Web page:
Exhibiting lilies

The exhibition of home-grown flowers and produce is a feature of England and America, and often engenders fierce competition among gardeners; it occupies many professional specialist judges, and allows the triumphant prize-winner to reap his reward – very often of only small financial benefit but of high prestige value. Large and small shows take place in all parts of the country, are fully reported in the press and exhibit a wide range of flowers and vegetables in and out of season; some are specialist exhibitions, and lilies are, of course, well represented. The North American Lily Society holds its lily show at a different centre every year, while the Royal Horticultural Society holds one each July in London; the two New Zealand lily organizations work on a similar system. Akcrsloot is the centre of the annual Dutch convention, held in July, where lily breeders and propagators meet not only to see the best lilies but also to take the opportunity of inspecting the new hybrids very often introduced on this occasion.

Lilies intended for exhibition must naturally be at their best, but this often presents great difficulties if long car, train or even plane journeys are necessary for delivery to the exhibition site. Jan de Graaff shows his lilies at most exhibitions, and always has them flown from either Oregon or Holland. Precise knowledge of how to prepare blooms for show purposes is essential, because a squashed flower, or one with pollen-dusted petals, will find favour neither with judges nor the viewing public. Such knowledge is of equal importance to the florist, who must present the best possible flowers for the best possible price.


Cutting should be confined to taking no more than one-third to one-half of the leaved part of the stem to ensure that a sufficient number of leaves remain to maintain the bulb.

Lilies will last up to 14 days in a water-filled vase, provided they are cut just as the lowest bud is about to burst into flower. Even then, the number of buds and prevailing temperature are apt to influence the length of time a flower spike will last.

Stems intended for sale or exhibition must be cut earlier – in fact, shortly before the first bud is about to open. Early morning, while the pollen sacs are still closed, is the best time of day for cutting. It is always advisable to carry a suitable water container around the garden as cutting progresses, so that stems can be put into water as they are cut. Spikes not intended for immediate use should be stored in a cool, dark place. Constant care is necessary to keep flower spikes apart, or else individual blooms or perhaps even whole stems are likely to bruise or be smeared with pollen dust; white lilies, particularly, need special care.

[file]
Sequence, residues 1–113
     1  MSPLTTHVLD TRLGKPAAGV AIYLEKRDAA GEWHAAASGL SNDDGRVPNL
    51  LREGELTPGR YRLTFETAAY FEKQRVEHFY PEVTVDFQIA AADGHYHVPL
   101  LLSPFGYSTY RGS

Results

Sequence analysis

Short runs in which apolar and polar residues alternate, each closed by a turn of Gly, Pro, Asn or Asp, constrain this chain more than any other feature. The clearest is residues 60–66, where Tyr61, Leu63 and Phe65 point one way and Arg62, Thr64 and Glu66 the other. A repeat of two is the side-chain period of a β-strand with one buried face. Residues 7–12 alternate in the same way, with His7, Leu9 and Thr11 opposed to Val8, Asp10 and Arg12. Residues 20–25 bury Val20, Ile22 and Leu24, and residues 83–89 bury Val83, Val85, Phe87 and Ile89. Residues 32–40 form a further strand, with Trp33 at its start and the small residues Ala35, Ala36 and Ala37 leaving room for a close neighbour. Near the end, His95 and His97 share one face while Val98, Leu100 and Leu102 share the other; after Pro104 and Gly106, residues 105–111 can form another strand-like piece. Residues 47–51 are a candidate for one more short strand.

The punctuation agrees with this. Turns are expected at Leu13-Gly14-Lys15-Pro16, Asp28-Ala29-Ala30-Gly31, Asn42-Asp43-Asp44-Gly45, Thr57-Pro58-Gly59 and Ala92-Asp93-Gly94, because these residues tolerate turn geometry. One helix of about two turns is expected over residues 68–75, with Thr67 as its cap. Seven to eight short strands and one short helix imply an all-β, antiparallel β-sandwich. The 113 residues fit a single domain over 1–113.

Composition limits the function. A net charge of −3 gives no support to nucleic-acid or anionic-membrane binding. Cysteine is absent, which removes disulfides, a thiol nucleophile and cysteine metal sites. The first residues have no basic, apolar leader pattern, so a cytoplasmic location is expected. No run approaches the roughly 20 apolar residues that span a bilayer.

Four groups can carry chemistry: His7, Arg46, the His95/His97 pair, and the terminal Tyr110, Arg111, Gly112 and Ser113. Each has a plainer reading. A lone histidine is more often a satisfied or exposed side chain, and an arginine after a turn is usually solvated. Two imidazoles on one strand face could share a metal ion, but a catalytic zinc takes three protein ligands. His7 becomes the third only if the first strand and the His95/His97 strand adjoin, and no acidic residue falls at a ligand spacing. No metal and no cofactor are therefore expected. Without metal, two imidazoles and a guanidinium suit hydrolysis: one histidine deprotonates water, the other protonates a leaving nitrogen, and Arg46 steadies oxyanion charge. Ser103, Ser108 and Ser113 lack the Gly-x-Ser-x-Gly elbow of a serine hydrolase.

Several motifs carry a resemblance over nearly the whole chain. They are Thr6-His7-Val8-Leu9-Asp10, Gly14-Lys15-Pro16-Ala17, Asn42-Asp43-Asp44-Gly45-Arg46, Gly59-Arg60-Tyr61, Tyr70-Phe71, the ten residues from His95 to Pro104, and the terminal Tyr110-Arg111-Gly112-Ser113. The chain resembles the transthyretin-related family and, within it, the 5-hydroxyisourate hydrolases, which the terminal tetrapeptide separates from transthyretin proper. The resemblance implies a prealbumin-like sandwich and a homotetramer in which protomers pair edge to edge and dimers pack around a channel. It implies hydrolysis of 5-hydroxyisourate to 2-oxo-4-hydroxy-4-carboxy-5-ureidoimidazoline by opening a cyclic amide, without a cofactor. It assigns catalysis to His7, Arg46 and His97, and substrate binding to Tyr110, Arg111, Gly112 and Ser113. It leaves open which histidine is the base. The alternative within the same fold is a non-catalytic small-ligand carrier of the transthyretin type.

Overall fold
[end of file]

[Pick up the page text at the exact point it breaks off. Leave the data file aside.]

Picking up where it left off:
The readily available, purpose-designed, long and flat containers are best for packing lilies. They are first lined with sheets of foil or greaseproof paper, but care must be taken to allow sufficient overlap along the length of the box for folding over the top of the flowers, once they are in the box, to protect them from the box lid. The paper or foil lining also preserves the moisture and provides a smooth surface, causing the minimum of friction in case the blooms should rub against it. Each stem, from the lowest flower bud downwards, is surrounded with a roll of wood shavings or newspaper, which is covered in turn with a layer of greaseproof paper to support the inflorescence and prevent the flowers from rubbing against the carton walls. Greaseproof paper balls are useful for keeping individual blooms apart. To prevent stems from sliding within the box, they should be secured to the bottom of the carton with string or rubber bands, which have previously been covered with tissue paper, to avoid bruising or cutting the stems. If one or more flowers are open, it is essential carefully to remove the anthers with tweezers, otherwise pollen is certain to spot the petals during transportation; stamens are best wrapped in tissue paper. If the carton is large enough to hold more than one flower spike, the second is usually packed in reverse direction, I.e., with its stem adjacent to the flowers of the first.

Lilies with larger than usual inflorescence are best stored in a cool place and without water for half a day before being packed. This causes almost imperceptible wilting, and cases packing. To avoid buds opening during the journey a rubber band wrapped in tissue paper, slipped along the bud, is very useful.